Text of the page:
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Media Rights and Intellectual Property$
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Richard Haynes

Print publication date: 2005

Print ISBN-13: 9780748618804

Published to Edinburgh Scholarship Online: September 2012

DOI: 10.3366/edinburgh/9780748618804.001.0001

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Conclusion: media rights and the commons

Conclusion: media rights and the commons

Chapter:
(p.131) 9 Conclusion: media rights and the commons
Source:
Media Rights and Intellectual Property
Author(s):

Richard Haynes

Publisher:
Edinburgh University Press
DOI:10.3366/edinburgh/9780748618804.003.0009

Although altering an original film may infringe the moral rights of the creator — as has happened with the colorisation of some black-and-white films from the 1940s and 1950s — in some cases the reuse of content in new ways might actually invigorate interest in the original films, making them more commercially desirable. In the age of the Internet and the wizardry of digital media, the potential for innovation and media creativity is arguably more expansive than any period in our cultural history. The open source movement and the concept of free software have shown a way in which ‘free culture’ or ‘free media’ can exist. The Creative Commons, launched in 2001, enables copyright holders to grant some of their rights to the public while retaining others. Before discussing the new possibilities afforded by digital media and the development of open and progressive media rights initiatives, this chapter examines why the media industry's obsession with copyright infringement and piracy is potentially damaging to our media culture.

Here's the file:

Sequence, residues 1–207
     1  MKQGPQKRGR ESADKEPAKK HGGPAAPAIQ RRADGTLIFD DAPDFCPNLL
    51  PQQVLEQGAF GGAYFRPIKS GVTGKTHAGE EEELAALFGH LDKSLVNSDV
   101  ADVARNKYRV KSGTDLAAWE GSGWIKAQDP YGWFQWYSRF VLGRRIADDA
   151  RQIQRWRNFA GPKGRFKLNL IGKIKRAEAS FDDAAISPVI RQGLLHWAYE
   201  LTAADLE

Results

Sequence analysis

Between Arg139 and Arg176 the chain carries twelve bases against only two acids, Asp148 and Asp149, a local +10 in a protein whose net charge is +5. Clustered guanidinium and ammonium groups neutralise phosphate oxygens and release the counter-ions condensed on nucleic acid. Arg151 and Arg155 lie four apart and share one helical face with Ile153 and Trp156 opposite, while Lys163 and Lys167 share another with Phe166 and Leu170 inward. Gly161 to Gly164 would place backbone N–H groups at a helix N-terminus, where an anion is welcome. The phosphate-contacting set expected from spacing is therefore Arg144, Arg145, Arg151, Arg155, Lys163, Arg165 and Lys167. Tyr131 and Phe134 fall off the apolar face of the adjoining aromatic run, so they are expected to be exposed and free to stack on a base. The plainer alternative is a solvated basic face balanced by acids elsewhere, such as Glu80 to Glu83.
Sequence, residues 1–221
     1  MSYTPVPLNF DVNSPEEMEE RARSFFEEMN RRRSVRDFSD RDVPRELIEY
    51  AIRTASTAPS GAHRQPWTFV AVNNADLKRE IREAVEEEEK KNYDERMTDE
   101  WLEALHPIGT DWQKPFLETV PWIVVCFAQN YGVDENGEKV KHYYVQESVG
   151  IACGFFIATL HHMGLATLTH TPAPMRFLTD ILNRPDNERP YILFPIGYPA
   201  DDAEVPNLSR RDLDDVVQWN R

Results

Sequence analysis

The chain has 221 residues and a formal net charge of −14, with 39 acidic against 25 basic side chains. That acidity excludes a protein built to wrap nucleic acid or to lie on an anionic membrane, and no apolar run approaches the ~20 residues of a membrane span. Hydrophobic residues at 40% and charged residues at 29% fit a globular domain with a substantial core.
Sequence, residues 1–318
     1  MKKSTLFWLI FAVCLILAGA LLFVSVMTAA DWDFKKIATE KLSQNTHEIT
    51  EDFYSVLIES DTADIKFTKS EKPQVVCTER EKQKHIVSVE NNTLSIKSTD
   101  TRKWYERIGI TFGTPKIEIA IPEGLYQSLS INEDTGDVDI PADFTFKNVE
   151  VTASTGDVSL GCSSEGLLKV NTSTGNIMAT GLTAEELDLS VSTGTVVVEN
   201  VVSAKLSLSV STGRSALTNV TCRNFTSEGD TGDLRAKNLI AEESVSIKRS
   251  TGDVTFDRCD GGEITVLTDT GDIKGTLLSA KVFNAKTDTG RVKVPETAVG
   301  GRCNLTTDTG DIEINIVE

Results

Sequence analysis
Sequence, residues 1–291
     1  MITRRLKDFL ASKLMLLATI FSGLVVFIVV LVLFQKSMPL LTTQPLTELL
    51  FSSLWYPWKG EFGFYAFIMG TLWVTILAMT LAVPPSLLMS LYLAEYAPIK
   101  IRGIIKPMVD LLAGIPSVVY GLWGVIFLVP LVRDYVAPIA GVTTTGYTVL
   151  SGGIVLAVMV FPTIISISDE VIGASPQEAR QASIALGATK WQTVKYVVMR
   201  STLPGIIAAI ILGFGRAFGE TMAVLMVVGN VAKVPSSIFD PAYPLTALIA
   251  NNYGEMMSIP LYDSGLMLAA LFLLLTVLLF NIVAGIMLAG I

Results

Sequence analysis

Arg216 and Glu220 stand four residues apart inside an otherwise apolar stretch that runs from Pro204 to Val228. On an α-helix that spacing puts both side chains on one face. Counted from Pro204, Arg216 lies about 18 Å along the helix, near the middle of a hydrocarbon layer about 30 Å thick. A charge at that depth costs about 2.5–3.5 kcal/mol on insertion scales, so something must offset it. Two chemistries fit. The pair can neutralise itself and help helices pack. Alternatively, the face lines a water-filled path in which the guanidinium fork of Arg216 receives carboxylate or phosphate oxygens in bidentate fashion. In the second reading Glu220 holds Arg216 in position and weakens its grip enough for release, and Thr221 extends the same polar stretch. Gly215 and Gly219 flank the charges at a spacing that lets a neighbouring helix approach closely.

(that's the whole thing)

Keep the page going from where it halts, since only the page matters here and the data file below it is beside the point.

Keywords:   Creative Commons, copyright, digital media, media rights, media industry, piracy, copyright infringement, open source movement, free software

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